Pope Francis, known for his progressive views, has made another significant step towards modernizing the Roman Catholic Church by officially allowing women and laypeople to vote on major matters, including LGBT relationships, during the upcoming bishops' conference.
The conference, referred to as the "Synod on Synodality," will take place between October 4 and 29 and will see the introduction of 70 non-bishop voting members, with the Pope desiring half of them to be women. The previous 10 male representatives of different Catholic religious orders who held voting rights will be replaced by five male clerics and five nuns with the right to vote.
Additionally, synod undersecretary Nathalie Becquart, a nun, will also have voting privileges.
While the synod does not have the authority to directly implement changes, it serves as an advisory body to the Pope regarding decisions he makes.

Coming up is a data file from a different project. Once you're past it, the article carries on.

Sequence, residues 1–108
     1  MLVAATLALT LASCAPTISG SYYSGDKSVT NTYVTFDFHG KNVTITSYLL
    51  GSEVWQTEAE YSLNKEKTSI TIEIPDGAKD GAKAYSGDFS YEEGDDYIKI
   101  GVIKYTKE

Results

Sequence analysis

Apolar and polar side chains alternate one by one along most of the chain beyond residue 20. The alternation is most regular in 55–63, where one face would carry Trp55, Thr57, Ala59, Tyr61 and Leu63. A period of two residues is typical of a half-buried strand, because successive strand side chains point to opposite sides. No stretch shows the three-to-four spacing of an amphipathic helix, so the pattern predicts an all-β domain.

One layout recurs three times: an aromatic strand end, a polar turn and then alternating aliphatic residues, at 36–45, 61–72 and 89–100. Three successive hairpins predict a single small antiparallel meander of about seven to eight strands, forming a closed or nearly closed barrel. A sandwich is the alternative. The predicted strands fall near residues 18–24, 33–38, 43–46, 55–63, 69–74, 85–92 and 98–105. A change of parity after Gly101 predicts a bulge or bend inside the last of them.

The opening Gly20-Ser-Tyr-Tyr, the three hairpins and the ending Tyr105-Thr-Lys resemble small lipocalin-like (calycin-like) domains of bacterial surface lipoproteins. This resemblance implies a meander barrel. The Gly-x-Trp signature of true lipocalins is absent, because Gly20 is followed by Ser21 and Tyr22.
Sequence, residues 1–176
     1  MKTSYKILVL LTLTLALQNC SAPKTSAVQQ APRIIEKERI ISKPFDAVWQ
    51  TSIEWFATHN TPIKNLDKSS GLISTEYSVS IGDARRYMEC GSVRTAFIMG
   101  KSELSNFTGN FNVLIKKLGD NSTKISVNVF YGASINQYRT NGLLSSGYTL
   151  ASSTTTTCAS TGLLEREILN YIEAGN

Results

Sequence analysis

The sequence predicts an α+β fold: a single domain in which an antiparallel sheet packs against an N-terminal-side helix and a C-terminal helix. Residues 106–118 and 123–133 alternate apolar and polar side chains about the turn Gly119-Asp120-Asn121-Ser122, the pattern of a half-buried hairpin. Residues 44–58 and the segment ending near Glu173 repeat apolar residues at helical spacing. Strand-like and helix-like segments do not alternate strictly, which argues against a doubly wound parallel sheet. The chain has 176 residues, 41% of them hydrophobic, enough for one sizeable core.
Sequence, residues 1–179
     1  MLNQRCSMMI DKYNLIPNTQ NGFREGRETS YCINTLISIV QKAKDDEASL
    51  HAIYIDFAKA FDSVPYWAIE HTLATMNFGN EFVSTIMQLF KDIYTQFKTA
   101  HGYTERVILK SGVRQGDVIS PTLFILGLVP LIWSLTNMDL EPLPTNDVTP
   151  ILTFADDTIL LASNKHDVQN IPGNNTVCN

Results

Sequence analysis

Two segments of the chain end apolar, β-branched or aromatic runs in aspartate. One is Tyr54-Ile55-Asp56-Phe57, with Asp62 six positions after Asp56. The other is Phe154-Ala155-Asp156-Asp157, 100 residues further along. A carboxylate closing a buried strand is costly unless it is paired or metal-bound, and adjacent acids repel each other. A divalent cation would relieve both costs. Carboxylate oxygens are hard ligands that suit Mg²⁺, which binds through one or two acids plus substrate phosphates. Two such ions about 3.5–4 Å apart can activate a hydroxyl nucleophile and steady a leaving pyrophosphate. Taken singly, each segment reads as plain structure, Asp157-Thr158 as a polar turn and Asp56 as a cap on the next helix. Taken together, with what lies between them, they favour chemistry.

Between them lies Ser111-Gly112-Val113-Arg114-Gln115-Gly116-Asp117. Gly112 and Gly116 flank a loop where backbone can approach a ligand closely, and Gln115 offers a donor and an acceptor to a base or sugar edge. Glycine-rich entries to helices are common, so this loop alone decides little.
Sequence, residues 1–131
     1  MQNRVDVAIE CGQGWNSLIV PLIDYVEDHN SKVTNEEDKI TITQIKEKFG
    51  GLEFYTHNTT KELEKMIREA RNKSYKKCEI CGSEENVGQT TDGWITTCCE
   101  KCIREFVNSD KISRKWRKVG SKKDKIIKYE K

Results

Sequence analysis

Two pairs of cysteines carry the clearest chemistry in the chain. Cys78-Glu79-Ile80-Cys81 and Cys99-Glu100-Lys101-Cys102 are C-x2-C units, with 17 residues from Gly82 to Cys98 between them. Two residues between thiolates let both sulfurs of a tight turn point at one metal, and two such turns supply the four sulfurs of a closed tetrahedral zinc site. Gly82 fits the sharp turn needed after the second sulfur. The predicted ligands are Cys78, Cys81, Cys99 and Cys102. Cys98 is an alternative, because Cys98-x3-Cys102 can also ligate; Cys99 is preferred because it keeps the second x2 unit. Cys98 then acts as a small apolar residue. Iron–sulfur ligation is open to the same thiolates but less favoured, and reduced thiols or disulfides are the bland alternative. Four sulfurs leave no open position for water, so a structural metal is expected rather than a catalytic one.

The Catholic News Agency reported:
After the vote on a final document for the assembly, the pope alone decides whether to take any actions based on the recommendations in the final text or whether to adopt it as an official Church document.
Many observers have welcomed the change with open arms. Kate McElwee, executive director of the Women's Ordination Conference, told The New York Times, "It's an incredible development in the church's history, and something that we're celebrating as a significant crack in the stained-glass ceiling."
Deborah Rose, co-director of Future Church, expressed her excitement, stating:
It's church changing. It is paradigm changing; it is literally restructuring one of the most important ways that the church makes decisions and looks at pastoral issues within the church ... what he has done is open a dam and opened a door, and I think there's no going back.
However, the conservative Catholic site Silere non possum criticized the move, claiming that Pope Francis and the cardinals responsible for the synod "are trying, in every way, to bring into this institution all those people who have an interest in disrupting the church for their own personal ambitions."
The post added, "No longer finding many bishops willing to trample on Christ's teaching, they are now turning to ambitious laypeople."